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Global shipping lines collaborate to accelerate decarbonisation

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The Chief Executive Officers of major global shipping lines have issued a joint declaration at COP 28 calling for an end date for fossil-only powered newbuilds and urging the International Maritime Organisation (IMO) to create the regulatory conditions to accelerate the transition to green fuels.

The only realistic way to meet IMO’s 2030, 2040 and net-zero 2050 greenhouse gas (GHG) targets, they said, is the transition from fossil to green fuels at scale and at pace.

The leaders of MSC, Maersk, Hapag-Lloyd, CMA CGM and Wallenius Wilhelmsen are convinced that closer collaboration with IMO regulators will produce effective and concrete policy measures needed to underpin the investment within maritime shipping and its ancillary industries that will enable decarbonisation to occur at the pace required.

The CEO of Maersk, Vincent Clerc, believes that an important next step to the green transition of the shipping industry is the introduction of regulatory conditions to maximise the greenhouse gas emission reduction per invested dollar.

“This includes an efficient pricing mechanism to close the gap between fossil and green fuels and ensuring that the green choice is easier to make for our customers and consumers globally,” he said.

The joint declaration of the CEOs calls for the establishment of four regulatory cornerstones, which include an end date for new building of fossil fuel-only vessels and a clear GHG Intensity Standard timeline to inspire investment confidence, both for new ships and the fuel supply infrastructure needed to accelerate the energy transition; an effective GHG pricing mechanism to make green fuel competitive with black fuel during the transition phase when both are used; a vessel pooling option for GHG regulatory compliance where the performance of a group of vessels could count instead of only that of individual ships, ensuring investments are made where they achieve the greatest GHG reduction and thereby accelerating decarbonisation across the global fleet; and a well-to-wake or lifecycle GHG regulatory basis to align investment decisions with climate interests and mitigate the risk of stranded assets.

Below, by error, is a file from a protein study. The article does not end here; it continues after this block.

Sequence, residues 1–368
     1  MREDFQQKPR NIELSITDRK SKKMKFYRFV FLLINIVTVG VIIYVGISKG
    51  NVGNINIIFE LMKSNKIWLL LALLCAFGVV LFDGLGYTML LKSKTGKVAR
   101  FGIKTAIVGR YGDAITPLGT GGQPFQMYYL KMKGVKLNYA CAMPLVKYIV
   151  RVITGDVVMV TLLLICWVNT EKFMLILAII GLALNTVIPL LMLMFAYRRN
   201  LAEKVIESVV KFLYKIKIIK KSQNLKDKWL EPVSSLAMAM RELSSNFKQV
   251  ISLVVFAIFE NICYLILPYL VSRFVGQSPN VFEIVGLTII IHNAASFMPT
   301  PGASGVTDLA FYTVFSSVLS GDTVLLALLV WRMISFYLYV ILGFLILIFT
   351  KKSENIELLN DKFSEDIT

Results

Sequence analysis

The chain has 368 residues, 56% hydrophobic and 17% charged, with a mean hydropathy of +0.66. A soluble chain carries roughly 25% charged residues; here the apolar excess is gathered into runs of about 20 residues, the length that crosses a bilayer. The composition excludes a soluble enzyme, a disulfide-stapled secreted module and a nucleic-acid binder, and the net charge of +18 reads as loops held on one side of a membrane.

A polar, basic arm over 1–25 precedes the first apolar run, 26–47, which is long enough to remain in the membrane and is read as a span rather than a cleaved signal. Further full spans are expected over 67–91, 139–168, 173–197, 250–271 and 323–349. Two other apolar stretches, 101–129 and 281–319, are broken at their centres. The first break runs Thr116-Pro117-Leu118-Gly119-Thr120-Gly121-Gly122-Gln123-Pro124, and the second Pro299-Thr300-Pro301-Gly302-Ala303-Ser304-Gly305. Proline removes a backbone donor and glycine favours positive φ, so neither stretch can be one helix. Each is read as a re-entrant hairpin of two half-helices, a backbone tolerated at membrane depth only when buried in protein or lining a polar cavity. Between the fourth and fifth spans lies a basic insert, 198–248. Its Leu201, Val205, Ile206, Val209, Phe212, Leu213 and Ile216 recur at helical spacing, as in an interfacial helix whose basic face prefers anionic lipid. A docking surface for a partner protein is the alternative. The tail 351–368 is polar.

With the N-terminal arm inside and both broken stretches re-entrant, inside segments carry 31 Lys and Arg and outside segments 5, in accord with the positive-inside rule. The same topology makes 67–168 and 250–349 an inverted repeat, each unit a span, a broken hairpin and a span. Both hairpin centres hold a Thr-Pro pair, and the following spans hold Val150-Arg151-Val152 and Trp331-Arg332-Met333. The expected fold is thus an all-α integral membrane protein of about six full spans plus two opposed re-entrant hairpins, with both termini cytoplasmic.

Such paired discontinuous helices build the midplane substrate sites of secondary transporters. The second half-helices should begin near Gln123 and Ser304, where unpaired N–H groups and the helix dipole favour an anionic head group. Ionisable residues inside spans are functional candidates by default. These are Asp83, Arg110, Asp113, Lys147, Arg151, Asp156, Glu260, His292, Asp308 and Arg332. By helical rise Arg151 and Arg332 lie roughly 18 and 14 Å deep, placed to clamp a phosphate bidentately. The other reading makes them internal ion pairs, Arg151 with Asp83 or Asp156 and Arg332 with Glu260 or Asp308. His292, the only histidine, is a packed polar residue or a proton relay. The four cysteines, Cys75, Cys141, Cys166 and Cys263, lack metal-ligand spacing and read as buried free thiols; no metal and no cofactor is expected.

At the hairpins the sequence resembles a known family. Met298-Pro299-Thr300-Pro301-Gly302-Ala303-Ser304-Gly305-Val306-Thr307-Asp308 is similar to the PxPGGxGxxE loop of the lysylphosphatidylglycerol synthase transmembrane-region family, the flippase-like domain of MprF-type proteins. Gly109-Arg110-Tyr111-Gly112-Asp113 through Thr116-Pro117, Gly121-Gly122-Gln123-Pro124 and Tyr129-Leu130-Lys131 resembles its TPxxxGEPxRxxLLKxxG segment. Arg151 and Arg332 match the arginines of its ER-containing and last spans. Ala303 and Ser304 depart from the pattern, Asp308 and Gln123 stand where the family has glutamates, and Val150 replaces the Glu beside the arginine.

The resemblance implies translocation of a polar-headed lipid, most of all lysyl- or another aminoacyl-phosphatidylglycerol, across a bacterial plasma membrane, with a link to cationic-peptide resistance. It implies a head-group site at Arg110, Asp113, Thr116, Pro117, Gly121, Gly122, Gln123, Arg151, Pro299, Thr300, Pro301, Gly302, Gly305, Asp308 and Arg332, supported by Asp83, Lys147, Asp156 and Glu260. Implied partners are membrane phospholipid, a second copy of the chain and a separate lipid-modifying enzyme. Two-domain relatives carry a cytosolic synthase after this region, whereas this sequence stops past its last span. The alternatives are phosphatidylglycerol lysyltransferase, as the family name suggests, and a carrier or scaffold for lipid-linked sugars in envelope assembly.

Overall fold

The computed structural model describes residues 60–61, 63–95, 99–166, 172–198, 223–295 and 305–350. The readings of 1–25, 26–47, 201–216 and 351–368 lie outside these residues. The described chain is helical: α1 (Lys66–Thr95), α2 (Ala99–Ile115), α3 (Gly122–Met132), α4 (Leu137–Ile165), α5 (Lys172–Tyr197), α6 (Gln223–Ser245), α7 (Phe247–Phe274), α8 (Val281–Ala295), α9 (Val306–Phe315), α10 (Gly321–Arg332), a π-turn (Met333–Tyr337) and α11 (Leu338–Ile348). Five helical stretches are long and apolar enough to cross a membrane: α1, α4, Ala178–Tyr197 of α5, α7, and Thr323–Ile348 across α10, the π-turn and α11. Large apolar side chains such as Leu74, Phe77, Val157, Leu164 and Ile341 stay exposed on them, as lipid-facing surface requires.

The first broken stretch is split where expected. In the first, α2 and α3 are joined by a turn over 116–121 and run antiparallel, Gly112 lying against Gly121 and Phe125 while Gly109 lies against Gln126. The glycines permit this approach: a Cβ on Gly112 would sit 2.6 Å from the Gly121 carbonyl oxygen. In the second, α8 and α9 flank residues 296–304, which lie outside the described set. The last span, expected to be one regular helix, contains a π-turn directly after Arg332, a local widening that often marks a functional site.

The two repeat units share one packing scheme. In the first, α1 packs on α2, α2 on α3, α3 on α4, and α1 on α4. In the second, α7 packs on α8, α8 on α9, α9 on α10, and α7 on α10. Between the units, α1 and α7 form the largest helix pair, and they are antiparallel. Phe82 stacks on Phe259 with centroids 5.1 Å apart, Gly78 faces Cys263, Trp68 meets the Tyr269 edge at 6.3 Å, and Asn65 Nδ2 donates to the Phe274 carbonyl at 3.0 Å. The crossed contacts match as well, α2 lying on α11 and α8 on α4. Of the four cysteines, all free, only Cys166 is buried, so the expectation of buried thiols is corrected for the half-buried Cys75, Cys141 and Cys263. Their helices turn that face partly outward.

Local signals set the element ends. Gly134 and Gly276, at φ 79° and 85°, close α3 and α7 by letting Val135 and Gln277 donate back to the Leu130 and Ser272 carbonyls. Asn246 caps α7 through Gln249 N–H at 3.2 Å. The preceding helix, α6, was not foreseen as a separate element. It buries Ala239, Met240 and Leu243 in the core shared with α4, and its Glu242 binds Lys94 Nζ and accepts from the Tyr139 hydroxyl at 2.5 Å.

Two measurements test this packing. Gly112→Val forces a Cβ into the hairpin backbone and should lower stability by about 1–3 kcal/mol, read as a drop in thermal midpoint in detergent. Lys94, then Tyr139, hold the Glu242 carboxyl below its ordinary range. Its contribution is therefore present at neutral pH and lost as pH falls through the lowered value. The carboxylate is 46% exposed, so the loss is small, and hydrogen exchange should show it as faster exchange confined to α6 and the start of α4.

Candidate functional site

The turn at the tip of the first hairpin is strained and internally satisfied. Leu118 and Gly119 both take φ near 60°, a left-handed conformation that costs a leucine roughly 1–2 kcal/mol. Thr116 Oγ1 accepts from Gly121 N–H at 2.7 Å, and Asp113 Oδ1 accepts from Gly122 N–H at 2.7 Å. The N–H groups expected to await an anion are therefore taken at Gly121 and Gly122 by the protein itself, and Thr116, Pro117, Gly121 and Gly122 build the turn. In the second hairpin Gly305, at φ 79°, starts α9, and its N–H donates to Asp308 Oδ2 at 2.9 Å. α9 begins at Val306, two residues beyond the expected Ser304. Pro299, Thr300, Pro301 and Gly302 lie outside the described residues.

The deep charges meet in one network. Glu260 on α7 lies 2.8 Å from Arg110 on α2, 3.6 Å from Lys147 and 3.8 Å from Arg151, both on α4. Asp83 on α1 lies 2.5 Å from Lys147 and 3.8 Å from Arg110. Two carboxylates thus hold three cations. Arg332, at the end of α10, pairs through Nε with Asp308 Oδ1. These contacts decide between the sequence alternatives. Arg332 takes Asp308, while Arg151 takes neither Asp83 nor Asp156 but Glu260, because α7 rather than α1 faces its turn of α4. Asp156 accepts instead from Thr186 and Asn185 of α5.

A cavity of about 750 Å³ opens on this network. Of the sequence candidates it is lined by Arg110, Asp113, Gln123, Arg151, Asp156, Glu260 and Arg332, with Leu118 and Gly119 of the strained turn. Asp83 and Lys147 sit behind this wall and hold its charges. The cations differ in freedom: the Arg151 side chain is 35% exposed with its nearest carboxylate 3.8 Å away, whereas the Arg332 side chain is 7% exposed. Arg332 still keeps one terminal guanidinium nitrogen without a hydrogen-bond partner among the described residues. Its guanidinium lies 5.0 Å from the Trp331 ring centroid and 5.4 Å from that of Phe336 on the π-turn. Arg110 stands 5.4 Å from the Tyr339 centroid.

“We believe that a regulatory framework and clear targets are crucial to accelerating the introduction of alternative fuels and reducing our carbon footprint,” CEO of Hapag-Lloyd, Rolf Habben Jansen, said.



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